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Officers’ Promotion Policy in the Army

Brig (Retd) Rumel Dahiya was Deputy Director General at the Institute for Defence Studies and Analyses, New Delhi. Click here for detailed profile.
Col Vivek Chadha (Retd) is a Senior Fellow at the Manohar Parrikar Institute for Defence Studies and Analyses, New Delhi. Click here for detailed profile
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  • November 30, 2012

    In a judgement pronounced by the Hon’ble Delhi High Court on November 19, 2012, promotions of officers of the rank of Major General (Maj. Gen.) to Lieutenant General (Lt. Gen.) approved by a Special Selection Board held on January 7, 2011 were quashed, mainly on the ground that the revised Quantification Policy (QP) forming the basis FOR the selection was not approved by the Ministry of Defence (MoD) and, therefore, lacked legality. The Hon’ble Court also directed that a fresh Special Selection Board (SSB) must be held to assess the officers on the basis of QP dated December 31, 2008. Whereas the judgement may not benefit the petitioners for various reasons, it is a timely reminder to Army Headquarters (AHQ) and MoD that promotion policies should not be tinkered with every change of personality at the helm of affairs. The quantification model itself spells out selection criteria for greater objectivity and helps in selecting the most deserving officers for higher rank from among a batch of officers. This Issue Brief analyses the officers’ promotion policy in the Indian Army. The arbitrary change in the QP is not the only aberration in the system. The system is by and large fair but needs to be freed from the proclivities of the military leadership itself. The subject is examined at the following levels:
    (a) Career ambition of voluntary officer corps.
    (b) Importance of Annual Confidential Reports (ACRs) in officers’ career progression.
    (c) Systemic problems afflicting the process of selection of officers for higher ranks.

    Career Ambition of Voluntary Officer Corps

    Service in the Indian Armed Forces is voluntary. Therefore, all officers who join the armed forces are either permanent commissioned officers or are granted permanent commission after expiry of the short-service commission period. Therefore, all officers who rise in the profession to attain higher ranks do so in a highly competitive environment, given the pyramidal nature of the rank structure. This needs to be seen in light of a longer period of service that higher ranks afford and the consequent impact on prestige and financial remuneration. The anxieties further get heightened because there are lesser avenues for alternate employment for a large number of army officers retiring every year. The shortage of officers in the army does not leave enough time for them to pursue academic or professional training, which empowers them for employment post retirement. This problem becomes more acute after the age of 50, when appropriate employment opportunities diminish.

    Importance of ACRs in Officers’ Career Progression

    The inputs before the Selection Board for empanelling officers for higher ranks are confidential reports (CRs), performance on training courses, honours and awards, value judgement and negative inputs such as poor disciplinary awards. Of these inputs, CRs normally constitute approximately 90 per cent of the total weightage. In the past, spoken reputation and employability in the higher rank of the officer being assessed was also taken into consideration before making the recommendation about his suitability for further promotion. However, after the Quantification Model was introduced in 2008, these inputs were by and large ignored. The operational performance of an officer against an external threat and in counter-insurgency operations provides an important input. Therefore, CRs form the most important input in the Selection Board. This has been the case for a very long time. Major Hoshiar Singh who earned a Param Vir Chakra in the 1971 India-Pakistan War retired as a Colonel because he was graded poorly in his CR initiated when he was serving as a Battalion Commander at the National Defence Academy.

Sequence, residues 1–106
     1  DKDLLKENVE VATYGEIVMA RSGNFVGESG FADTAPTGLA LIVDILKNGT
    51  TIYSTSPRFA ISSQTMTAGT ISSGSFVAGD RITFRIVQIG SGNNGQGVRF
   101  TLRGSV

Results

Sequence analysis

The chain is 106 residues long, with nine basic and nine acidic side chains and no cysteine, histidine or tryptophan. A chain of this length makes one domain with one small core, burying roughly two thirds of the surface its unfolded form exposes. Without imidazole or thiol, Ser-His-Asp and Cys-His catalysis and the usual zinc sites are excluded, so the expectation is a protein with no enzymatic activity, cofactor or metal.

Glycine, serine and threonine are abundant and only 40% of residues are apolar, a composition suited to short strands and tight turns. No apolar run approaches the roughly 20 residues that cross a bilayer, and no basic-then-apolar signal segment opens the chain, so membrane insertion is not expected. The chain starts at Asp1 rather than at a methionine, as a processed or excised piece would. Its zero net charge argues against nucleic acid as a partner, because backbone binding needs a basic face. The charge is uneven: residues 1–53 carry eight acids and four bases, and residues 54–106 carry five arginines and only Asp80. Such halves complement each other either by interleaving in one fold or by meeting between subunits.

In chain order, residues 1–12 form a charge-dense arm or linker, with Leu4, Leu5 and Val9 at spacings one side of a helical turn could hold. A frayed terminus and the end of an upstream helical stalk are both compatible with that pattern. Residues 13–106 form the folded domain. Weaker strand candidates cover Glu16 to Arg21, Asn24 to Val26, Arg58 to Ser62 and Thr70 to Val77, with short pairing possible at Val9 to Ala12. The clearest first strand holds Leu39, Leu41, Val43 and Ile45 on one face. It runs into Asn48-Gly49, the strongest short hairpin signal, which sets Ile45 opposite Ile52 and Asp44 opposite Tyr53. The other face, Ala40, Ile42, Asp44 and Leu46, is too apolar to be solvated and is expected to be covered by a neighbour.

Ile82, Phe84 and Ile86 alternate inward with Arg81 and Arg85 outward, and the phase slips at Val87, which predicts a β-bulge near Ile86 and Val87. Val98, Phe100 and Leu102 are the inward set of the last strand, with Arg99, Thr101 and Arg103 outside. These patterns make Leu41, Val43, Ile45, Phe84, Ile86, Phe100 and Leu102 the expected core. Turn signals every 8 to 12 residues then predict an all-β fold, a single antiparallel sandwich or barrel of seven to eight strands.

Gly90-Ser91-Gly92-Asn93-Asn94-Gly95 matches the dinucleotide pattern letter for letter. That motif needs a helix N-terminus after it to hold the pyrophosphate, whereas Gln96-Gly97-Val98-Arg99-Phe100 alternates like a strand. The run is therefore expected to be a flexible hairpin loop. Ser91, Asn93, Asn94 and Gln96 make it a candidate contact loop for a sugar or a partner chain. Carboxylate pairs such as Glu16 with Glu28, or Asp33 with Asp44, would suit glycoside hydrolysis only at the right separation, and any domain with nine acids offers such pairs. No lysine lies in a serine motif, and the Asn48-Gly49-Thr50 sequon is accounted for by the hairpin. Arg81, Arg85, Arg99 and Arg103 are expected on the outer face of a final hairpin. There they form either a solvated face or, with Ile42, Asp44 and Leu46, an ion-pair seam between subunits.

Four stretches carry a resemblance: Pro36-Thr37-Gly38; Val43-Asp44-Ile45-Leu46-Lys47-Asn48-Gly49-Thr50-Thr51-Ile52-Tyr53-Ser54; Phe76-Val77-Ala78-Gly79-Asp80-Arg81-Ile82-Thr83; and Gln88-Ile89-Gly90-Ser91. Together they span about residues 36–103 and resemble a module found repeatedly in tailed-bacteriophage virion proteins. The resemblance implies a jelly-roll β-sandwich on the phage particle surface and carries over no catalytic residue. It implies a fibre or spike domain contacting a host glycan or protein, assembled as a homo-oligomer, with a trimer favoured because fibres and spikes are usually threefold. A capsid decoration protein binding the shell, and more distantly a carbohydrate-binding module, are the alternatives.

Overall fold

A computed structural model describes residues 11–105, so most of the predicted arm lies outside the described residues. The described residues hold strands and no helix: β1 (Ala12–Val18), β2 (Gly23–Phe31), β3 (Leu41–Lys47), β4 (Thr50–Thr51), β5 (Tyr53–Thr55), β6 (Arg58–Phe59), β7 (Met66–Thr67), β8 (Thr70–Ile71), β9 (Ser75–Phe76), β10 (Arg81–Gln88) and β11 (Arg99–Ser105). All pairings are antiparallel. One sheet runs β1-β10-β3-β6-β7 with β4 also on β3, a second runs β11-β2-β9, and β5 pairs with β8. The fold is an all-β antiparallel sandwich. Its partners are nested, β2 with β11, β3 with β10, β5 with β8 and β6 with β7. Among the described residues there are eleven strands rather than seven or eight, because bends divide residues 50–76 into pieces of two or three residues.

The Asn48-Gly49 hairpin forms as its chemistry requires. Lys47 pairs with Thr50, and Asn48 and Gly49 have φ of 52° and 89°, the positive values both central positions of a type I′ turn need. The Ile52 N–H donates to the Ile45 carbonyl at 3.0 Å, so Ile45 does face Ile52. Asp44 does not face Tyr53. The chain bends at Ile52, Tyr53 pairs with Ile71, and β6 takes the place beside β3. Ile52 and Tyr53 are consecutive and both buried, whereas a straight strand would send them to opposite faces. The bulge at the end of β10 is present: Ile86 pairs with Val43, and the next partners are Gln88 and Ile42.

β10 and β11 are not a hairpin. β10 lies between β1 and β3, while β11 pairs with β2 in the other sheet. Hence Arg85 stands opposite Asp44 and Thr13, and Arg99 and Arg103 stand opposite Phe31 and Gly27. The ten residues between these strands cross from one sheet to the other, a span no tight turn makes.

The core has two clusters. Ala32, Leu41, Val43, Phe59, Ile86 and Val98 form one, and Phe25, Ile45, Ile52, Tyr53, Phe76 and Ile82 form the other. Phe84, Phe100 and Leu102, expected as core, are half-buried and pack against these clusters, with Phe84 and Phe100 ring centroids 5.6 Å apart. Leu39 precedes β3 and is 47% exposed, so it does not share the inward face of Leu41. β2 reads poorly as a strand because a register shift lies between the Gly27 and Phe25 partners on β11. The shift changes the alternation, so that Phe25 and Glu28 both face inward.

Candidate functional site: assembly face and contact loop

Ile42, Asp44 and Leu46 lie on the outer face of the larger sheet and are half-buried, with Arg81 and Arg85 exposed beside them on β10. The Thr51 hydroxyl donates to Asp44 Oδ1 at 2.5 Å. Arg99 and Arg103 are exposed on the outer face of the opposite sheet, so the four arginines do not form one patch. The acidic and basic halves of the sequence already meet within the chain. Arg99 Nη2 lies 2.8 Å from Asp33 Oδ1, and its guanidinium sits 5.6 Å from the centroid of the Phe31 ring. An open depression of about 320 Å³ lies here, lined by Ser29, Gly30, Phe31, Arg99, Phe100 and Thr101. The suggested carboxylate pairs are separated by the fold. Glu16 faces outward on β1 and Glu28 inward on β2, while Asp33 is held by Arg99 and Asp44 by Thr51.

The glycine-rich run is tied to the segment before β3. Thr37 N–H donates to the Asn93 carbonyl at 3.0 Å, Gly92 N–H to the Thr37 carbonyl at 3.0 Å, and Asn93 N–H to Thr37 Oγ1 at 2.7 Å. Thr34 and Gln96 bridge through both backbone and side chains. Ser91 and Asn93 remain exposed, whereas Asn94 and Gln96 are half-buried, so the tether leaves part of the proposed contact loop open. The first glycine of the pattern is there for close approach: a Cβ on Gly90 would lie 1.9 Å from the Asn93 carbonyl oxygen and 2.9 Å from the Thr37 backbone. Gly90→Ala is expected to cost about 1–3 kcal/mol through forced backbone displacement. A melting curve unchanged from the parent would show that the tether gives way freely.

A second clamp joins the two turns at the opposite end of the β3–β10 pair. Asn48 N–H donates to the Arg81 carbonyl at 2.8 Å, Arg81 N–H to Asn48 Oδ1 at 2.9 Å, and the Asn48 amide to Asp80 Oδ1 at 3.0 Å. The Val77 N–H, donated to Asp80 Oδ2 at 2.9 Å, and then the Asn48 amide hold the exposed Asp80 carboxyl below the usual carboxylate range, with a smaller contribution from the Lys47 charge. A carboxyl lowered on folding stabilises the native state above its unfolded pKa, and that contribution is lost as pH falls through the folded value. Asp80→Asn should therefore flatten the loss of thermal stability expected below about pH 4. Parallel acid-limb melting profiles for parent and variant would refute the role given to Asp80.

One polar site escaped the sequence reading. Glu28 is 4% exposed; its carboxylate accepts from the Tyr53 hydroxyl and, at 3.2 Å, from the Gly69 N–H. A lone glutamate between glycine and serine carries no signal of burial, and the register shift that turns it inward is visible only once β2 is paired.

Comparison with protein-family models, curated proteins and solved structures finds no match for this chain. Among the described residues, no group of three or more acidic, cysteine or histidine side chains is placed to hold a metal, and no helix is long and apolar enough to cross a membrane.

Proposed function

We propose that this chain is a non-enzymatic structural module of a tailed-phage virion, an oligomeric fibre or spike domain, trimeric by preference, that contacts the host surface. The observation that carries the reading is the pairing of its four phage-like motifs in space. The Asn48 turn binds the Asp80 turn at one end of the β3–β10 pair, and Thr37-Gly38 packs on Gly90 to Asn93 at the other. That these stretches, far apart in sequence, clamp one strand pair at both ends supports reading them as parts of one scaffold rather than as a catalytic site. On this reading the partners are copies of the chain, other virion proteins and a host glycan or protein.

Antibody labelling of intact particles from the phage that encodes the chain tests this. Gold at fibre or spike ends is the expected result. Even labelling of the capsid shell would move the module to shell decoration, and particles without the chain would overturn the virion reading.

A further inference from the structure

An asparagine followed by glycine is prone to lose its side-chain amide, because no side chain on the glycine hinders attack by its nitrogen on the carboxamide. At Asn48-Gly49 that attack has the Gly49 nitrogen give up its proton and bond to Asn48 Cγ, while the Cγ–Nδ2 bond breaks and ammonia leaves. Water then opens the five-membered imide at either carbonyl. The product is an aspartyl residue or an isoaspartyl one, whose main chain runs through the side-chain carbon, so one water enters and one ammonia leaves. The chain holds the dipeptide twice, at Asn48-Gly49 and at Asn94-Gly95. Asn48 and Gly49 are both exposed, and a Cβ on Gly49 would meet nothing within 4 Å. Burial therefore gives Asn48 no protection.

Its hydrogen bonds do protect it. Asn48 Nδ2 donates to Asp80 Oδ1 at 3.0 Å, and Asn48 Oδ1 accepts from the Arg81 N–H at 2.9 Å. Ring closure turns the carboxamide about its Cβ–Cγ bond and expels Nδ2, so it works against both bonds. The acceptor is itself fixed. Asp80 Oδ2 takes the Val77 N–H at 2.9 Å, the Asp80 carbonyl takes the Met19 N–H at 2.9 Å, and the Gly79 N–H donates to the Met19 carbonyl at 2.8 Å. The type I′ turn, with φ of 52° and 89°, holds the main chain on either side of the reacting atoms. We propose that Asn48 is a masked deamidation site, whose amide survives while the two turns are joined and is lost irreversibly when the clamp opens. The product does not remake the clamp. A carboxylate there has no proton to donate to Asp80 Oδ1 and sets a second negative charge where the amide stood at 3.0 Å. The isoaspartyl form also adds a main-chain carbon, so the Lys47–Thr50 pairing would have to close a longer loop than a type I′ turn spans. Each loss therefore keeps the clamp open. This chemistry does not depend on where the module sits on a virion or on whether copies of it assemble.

The ACR system and its impact on an officer’s career progression is often criticised on the grounds that it breeds sycophancy and induces sacrifice of moral courage merely to get a good CR. However, the fact remains that the CR system is well-designed since the report is normally reviewed by two superior officers in the chain of command, after it is endorsed by the initiating officer (IO). The Reviewing Officer (RO) and Senior Reviewing Officer (SRO) are required to moderate the report and eliminate biases of subjective reporting. For some time in the 1980s a closed system of reporting was tried, wherein the report was not required to be shown to the ratee (officer reported upon) unless there was an adverse comment in the CR. This created anxiety among the officers; those not empanelled for the next rank were forced to initiate complaints only after their non-empanelment, thus not providing them an opportunity to seek redress after the initiation of CRs. It was also felt that a closed system generated distrust between IOs and ratees. Review of the closed system led to the re-introduction of the present system of open CRs. The success of this system was dependent upon IOs displaying objectivity and moral courage. However, in an environment where most battalions function at half their authorised strength of officers, many commanding officers found it difficult to report objectively on their officers, lest those graded lower lost the motivation to work hard. A good leader is expected to carry along his team. However, objective reporting could result in some officers under-performing. Given the context of poor officer strength in units, this could adversely impact effective training and administration of units.